Kindle v Reader (round 1)

One of the (few) problems with living in Australia is that it’s a market that the consumer electronics companies scarcely bother with – it’s just not big enough. So it took Apple years to open a local itunes store, and who knows when the iphone will be officially released here. As far as ebooks are concerned, there should be no carrier issues, but there *are* rights issues for the content, and it appears that most of the players couldn’t be bothered with 20 million folk down under.

So, we miss out on the Sony Reader and the Amazon Kindle. Sure, you can get a mate in the states to fedex one across, but you won’t be able to access amazon kindle content or the Sony connect bookstore. Instead, you’ll have to be content with scouring the net for reading material and converting it into a format that your choice of reader might accept. Fine for a geek, but it doesn’t pass the ‘mum’ test.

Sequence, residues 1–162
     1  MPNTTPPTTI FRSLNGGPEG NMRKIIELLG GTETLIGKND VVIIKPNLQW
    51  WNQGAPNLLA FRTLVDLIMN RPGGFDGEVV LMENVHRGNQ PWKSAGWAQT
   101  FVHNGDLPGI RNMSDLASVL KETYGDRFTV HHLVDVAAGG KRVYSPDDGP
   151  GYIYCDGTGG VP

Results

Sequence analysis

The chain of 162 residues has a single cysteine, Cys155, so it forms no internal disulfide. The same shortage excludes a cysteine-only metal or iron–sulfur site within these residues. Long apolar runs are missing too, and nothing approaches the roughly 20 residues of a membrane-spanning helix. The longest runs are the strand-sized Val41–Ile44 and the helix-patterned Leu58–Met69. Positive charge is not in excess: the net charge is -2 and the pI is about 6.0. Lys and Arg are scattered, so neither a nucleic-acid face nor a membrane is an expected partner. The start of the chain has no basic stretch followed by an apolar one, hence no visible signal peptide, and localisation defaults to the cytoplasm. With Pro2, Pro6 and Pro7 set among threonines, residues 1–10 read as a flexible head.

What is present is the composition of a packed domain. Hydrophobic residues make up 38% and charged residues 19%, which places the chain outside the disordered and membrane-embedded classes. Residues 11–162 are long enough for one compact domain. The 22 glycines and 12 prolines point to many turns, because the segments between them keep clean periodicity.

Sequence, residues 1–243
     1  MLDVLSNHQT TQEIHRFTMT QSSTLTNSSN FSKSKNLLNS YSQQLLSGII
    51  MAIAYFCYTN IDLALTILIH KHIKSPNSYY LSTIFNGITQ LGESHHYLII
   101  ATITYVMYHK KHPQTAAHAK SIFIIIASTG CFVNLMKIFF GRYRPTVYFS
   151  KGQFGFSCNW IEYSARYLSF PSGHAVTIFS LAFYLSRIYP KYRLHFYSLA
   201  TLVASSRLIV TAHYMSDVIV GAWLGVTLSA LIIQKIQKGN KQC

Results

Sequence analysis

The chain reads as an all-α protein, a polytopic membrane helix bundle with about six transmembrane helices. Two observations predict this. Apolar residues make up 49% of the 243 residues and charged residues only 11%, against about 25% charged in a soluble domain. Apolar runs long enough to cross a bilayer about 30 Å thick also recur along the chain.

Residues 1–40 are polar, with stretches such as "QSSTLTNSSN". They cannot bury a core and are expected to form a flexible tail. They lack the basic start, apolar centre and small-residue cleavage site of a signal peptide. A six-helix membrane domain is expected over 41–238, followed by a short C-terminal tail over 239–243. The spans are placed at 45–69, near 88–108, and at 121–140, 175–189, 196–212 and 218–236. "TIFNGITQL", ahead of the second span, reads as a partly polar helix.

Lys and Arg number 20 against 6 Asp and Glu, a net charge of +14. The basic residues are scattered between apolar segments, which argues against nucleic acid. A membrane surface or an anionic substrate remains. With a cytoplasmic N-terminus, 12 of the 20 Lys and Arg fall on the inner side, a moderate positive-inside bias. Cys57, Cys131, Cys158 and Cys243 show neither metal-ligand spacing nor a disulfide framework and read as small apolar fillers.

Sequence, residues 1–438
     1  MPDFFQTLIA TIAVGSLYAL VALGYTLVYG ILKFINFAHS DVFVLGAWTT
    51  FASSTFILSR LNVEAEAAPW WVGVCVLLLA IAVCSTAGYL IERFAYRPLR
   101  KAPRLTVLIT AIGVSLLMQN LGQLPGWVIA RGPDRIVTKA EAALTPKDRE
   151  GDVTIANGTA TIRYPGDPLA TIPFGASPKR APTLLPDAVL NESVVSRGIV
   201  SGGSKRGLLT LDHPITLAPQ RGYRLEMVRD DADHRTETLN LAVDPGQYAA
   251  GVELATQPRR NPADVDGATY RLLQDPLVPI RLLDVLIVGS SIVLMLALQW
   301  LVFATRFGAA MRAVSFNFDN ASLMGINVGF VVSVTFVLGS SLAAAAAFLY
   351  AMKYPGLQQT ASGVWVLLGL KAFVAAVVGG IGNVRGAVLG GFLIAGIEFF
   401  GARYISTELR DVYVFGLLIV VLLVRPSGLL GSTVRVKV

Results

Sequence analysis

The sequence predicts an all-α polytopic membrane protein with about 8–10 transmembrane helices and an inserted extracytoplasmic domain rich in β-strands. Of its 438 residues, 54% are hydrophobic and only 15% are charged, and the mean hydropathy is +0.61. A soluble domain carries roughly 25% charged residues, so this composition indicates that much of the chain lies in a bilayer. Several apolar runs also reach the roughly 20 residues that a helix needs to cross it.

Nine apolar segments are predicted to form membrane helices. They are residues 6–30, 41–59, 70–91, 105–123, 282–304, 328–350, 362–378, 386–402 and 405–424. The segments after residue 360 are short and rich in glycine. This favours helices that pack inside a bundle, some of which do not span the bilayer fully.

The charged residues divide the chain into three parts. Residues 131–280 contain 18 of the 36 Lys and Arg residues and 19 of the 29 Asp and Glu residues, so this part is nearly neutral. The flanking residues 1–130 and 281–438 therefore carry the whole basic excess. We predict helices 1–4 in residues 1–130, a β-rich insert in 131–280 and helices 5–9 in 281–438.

Which is a very long-winded way to link to gizmodo’s comparison of the two current top dogs is the e-reading race. Got to admit that the comparison photo makes the kindle look like a people mover compared to the Sony’s svelte sports car. Despite this, the kindle’s device independence seems to have (sort of) won the day:

The extra $100 for the Kindle means freedom from PC—if at the same time it means a shackle to Amazon and its potentially limited file friendliness.

The problem for us Aussies, of course, is that the Kindle’s freedom requires a connection to Sprint USA’s EVDO network – and until Amazon does a similar deal down here, it just won’t work.


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